So I'm writing very slowly, without many little words like 'and' and 'the' so it's already open to interpretation, and finding odd connections. I find myself using a lot of verbs. Yesterday I wrote (in slow motion) WATER SKI ON ROUGH SEAS SHOCK ICE SALT IN MY FACE DOWN MY THROAT BURNING CHOKING. It's a fascinating project, and as I sit over my stitching I find myself brooding and wondering how to get ideas down in as few words as possible. REB CROSS GET CHOCOLATE seems to be the end point.  

Lorina Bulwer found a lot of rhymes too, they're a bit addictive, along with words that morph into new words. STITCHING BITCHING IN THREAD NEEDLE SLIPS SILK CUTS COLOURS BLEED WITCHING STITCHING INTO CLOTH WINDING IN WORDS WORMS WORLDS (my words not hers). 

This was my first sampler.

I'm starting to feel the need for illustrations too, just like she did, although I haven't managed to work out what her pictures were for. I wonder where it's all going, but it does seem to be going somewhere. I feel like the needle thing is so moreish it pulls me into the fabric. Maybe I'll be found dessicated, neatly stitched into a quilt. 

Wednesday, 8 July 2015

Head buzzing with ideas

I don't sleep amazingly well, and I don't seem to need that much anyway. But recently I've been up, tired and grumpy but wide awake at 5.30. Since I can't get to sleep before 12.30 at the earliest, sleep is in short supply. The reason is two-fold. I've been given a baby dose of thyroxine to counter a slight shortfall, and like all hormones, it has a strong effect. At least I'm not feeling cold all the time. But the main reason is that my brain is buzzing with ideas.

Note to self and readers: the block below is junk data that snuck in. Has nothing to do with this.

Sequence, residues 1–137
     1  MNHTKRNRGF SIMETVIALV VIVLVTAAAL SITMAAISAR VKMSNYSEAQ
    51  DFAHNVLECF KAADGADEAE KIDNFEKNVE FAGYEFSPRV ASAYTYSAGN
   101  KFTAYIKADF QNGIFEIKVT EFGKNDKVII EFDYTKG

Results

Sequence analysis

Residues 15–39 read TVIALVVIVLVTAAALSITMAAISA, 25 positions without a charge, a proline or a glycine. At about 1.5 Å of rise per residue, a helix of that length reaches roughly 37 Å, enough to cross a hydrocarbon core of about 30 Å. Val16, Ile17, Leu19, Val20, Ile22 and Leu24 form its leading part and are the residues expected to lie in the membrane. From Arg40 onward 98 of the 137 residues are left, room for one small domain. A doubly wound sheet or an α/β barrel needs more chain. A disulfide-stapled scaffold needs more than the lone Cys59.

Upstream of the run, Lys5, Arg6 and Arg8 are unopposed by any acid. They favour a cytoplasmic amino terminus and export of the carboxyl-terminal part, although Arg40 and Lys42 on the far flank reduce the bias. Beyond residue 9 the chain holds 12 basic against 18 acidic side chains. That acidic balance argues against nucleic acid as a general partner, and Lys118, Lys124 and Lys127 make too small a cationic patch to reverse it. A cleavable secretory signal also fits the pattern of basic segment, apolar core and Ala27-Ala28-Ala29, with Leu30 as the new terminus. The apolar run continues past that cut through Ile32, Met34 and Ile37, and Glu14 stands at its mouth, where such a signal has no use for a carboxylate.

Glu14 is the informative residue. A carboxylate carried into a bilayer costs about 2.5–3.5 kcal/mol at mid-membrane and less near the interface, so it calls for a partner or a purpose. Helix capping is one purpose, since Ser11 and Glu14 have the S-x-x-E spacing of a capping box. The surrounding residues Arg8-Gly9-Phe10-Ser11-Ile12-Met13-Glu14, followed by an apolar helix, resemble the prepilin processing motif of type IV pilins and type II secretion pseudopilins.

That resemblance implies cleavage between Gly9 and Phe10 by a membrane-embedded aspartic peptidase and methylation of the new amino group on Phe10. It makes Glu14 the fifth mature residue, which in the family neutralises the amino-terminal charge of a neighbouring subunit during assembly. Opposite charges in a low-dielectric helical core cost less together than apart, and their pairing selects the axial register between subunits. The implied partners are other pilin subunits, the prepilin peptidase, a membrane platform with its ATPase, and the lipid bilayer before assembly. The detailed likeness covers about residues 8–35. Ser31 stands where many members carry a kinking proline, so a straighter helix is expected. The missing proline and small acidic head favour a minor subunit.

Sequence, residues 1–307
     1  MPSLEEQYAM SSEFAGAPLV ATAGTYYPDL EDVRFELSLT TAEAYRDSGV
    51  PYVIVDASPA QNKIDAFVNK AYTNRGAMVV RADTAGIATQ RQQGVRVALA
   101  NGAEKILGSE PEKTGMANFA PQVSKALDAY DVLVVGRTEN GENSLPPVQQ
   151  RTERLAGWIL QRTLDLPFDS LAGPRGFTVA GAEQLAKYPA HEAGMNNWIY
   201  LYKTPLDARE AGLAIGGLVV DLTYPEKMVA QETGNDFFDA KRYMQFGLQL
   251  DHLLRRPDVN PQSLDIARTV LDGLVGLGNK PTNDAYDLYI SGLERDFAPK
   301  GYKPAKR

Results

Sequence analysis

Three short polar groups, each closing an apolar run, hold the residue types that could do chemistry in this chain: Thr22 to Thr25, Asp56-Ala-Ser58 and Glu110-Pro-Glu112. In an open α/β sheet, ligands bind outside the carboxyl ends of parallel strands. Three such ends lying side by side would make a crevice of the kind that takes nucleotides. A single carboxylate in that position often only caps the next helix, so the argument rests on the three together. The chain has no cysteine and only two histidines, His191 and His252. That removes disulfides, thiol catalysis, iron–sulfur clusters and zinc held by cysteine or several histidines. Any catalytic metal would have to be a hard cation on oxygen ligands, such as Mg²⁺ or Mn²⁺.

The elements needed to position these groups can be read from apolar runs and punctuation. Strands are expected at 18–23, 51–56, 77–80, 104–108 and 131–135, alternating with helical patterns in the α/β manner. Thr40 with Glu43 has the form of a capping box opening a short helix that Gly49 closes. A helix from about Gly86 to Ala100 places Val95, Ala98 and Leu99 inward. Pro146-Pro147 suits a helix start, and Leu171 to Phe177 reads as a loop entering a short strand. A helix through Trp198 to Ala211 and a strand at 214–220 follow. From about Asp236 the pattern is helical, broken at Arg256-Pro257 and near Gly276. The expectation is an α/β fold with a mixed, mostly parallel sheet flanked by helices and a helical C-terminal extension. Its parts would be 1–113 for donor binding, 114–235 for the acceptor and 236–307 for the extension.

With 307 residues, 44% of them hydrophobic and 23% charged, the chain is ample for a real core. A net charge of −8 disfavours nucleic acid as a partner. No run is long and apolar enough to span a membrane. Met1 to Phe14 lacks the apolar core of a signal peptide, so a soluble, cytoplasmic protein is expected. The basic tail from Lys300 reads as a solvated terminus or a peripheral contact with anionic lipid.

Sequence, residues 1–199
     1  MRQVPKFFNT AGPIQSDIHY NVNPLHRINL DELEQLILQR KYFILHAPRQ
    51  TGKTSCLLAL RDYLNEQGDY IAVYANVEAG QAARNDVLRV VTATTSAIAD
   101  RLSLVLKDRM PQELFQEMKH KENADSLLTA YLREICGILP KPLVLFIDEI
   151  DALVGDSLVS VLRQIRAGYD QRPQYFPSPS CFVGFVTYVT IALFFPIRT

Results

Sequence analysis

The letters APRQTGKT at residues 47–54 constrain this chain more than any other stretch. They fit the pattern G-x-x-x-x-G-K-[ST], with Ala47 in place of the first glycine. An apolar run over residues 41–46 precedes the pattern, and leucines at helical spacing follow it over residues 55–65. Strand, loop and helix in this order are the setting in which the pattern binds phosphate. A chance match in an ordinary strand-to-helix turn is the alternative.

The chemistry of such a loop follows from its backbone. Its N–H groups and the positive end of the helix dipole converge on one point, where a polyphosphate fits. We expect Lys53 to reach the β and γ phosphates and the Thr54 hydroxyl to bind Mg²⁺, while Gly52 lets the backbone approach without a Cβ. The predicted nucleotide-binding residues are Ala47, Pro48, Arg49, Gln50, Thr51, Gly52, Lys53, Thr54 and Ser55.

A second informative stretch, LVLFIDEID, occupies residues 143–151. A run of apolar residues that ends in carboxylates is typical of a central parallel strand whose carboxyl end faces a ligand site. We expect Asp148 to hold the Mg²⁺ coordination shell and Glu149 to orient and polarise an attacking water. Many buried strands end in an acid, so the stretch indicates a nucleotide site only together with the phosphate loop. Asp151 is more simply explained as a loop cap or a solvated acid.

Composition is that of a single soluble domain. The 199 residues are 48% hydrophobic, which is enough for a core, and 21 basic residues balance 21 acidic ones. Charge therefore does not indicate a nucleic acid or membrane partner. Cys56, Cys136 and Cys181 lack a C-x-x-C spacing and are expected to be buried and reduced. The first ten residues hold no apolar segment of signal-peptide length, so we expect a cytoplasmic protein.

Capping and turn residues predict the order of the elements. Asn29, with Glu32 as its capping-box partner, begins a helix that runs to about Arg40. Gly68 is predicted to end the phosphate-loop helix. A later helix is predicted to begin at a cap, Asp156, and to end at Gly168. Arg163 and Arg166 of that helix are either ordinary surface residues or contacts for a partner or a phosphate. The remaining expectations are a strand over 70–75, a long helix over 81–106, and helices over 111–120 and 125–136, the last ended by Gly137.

As a writer who is a bit compulsive about writing (yes, I'm back writing everyday like a word junkie) I want to write the twins book. I'm working on a local writers' anthology, which is coming on well but I always forget just how much work these are. And I'm contemplating The Project, complete with possibilities of PhD etc. I don't know what I should do, but my time seems split between different projects and all I want to do is write.

I've been reading books on 'hermaphrodites' and intersex (or disorders of sex development) through the ages. While the historical picture is predictably blunt and shaped by patriarchal societal norms (some boys with very small penises were 'adjusted' to look more like girls), terrifyingly, the picture in the 1980s and 1990s wasn't much better. Babies with 'ambiguous' genitalia and/or chromosomes were operated on so they would look normal at school. I'm glad to say my genitals were not, at any time at school, shared with the class. And if they were, if a wide range of 'normal' genitals were accepted and the person's own feelings on their gender (or not) were considered, how many children would have avoided being mutilated? The picture has improved: as long as a baby can pee and poo, time is now allowed to explore physical development, the hormonal picture and how the child self-identifies. Fascinating stuff but more work needs to be done to allow people who do not choose a polarised view of their gender, whether intersex or not, to be themselves. All grist to writer's mill, though.

Otherwise, we're worried sick about an older relative. It cuts at our family, even our sixteen year old (who has just got into college without a GCSE to her name, go Rosie) and is probably one reason I wake at 5.30 and lie awake thinking about being old. “Old age ain't no place for sissies.” ― Bette Davis